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Isolation and Loneliness What Can We Do

Social isolation (being alone), and loneliness (feeling alone) are well-known risk factors for poor health outcomes. Even prior to the COVID-19 pandemic, researchers were becoming increasingly concerned with high rates of loneliness and social isolation reported across Europe, the United States and China, particularly in the older adult population. So much so, that the term “behavioural epidemic” was applied to this phenomenon. Although Canadian research in 2015 indicated that this trend was not as much of a concern in our country, individuals experiencing financial stressors or lacking social support were shown to be more vulnerable to feelings of loneliness. Both variables are more prevalent during this pandemic, and social distancing requirements have made even those of us with ample social support feel lonely at times. We are being asked to get through this difficult time by staying apart, which runs contrary to our instincts to be physically close to those we trust during times of threat. This is the very instinct that has enabled our survival as a species.

Loneliness is a subjective feeling that can cause emotional and physical distress. Loneliness can lead individuals to feel unsafe, which in turn triggers the threat-detection response. After all, if one is alone in their environment, they must be hypervigilant in order to survive. The harmful health effects of loneliness are similar to those created by other chronic stressors and can include cardiovascular and gastrointestinal issues, depression and anxiety, and cognitive decline to name a few.

The question is, “How can we reduce our sense of loneliness given the current COVID-19-related restrictions?” In a recent interview, neuroscientist Stephanie Cacioppo suggested focusing on the present moment and avoiding the tendency to let one’s mind wander too far into the future. She also recommends acknowledging what you control, and developing a routine that provides your life with some degree of structure. In addition, Cacioppo recommends using breath work to calm the anxiety associated with feelings of loneliness. Research has shown that exhaling a few seconds longer than inhaling more effectively activates the relaxation response.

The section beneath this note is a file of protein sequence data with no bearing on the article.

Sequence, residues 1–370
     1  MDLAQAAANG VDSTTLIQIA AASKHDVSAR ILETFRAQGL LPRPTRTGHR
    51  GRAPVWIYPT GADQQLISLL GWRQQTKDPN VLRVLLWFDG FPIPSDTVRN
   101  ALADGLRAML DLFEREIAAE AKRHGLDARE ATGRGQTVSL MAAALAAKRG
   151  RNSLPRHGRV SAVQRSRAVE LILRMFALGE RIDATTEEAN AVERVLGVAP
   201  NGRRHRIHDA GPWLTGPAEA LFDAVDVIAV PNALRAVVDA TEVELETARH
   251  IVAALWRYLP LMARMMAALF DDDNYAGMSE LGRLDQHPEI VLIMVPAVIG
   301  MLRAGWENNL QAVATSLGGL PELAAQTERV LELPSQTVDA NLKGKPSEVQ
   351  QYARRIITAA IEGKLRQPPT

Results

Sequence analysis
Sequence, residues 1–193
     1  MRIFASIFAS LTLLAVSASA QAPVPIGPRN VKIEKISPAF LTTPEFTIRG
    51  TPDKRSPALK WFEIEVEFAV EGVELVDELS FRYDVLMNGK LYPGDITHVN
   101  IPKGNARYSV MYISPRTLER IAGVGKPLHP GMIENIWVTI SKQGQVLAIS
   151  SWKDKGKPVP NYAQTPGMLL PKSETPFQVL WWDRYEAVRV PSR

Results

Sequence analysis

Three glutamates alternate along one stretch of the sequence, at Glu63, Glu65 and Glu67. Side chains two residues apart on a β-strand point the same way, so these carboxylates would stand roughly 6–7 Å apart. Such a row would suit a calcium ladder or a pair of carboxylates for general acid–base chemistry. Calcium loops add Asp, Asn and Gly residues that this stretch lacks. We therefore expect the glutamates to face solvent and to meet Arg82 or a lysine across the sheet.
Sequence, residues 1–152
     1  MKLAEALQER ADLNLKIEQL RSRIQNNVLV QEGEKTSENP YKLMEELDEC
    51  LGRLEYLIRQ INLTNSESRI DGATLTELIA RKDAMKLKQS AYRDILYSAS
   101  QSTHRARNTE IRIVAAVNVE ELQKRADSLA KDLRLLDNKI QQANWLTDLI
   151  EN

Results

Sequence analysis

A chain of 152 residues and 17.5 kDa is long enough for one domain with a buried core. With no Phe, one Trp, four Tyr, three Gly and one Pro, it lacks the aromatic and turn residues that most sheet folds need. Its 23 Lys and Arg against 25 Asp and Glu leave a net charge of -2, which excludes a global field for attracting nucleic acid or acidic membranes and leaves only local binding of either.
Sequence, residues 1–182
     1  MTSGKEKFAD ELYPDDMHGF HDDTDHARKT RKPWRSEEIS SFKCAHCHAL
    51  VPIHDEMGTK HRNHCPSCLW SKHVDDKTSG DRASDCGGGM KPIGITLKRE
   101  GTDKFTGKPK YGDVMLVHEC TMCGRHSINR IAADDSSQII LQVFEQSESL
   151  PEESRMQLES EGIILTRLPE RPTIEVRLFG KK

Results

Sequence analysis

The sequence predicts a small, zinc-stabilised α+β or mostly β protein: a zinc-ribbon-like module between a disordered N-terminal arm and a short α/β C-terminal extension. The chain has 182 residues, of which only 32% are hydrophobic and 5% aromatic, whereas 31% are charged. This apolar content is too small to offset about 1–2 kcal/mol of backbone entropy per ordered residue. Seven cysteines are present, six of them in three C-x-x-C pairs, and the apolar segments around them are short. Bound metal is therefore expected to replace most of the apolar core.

Cultivating the mindfulness skill of maintaining acceptance and calmness toward experiences in daily life may decrease feelings of threat associated with loneliness, according to researchers. As defined by Jon Kabat-Zinn, developer of the Mindfulness-Based Stress Reduction Clinic at the University of Massachusetts Medical School, “Mindfulness is awareness, cultivated by paying attention in a sustained and particular way: on purpose, in the present moment, and non-judgmentally.” Research in this area suggests that holding painful feelings in our awareness and simply accepting them as they are can change the quality of our emotional experiences.

Reaching out to others in creative ways can also reduce loneliness. Whether it be through virtual platforms such as Zoom, Skype, or Google Hangouts, or calling a friend you haven’t spoken to in a long time, Cacioppo encourages us to consciously interact with others in an authentic way. In this way, she is referring to sharing your feelings and actively listening to the other person. Genuine reciprocal self-disclosure creates a more meaningful interaction and is key to reducing feelings of loneliness.

A number of programs offered by McCormick Dementia Services can assist you with reducing isolation and loneliness, including Zoom recreation activities, caregiver support groups, and individual support via Zoom or by phone. One of our Zoom programs provides a guided relaxation meditation, which clients and caregivers report has helped combat feelings of anxiety. We encourage you to reach out for support during this time of uncertainty. We will get through this together, even if we have to stay apart!

Submitted by Social Work Staff at McCormick Dementia Services.

Dimensions Newsletter Summer 2021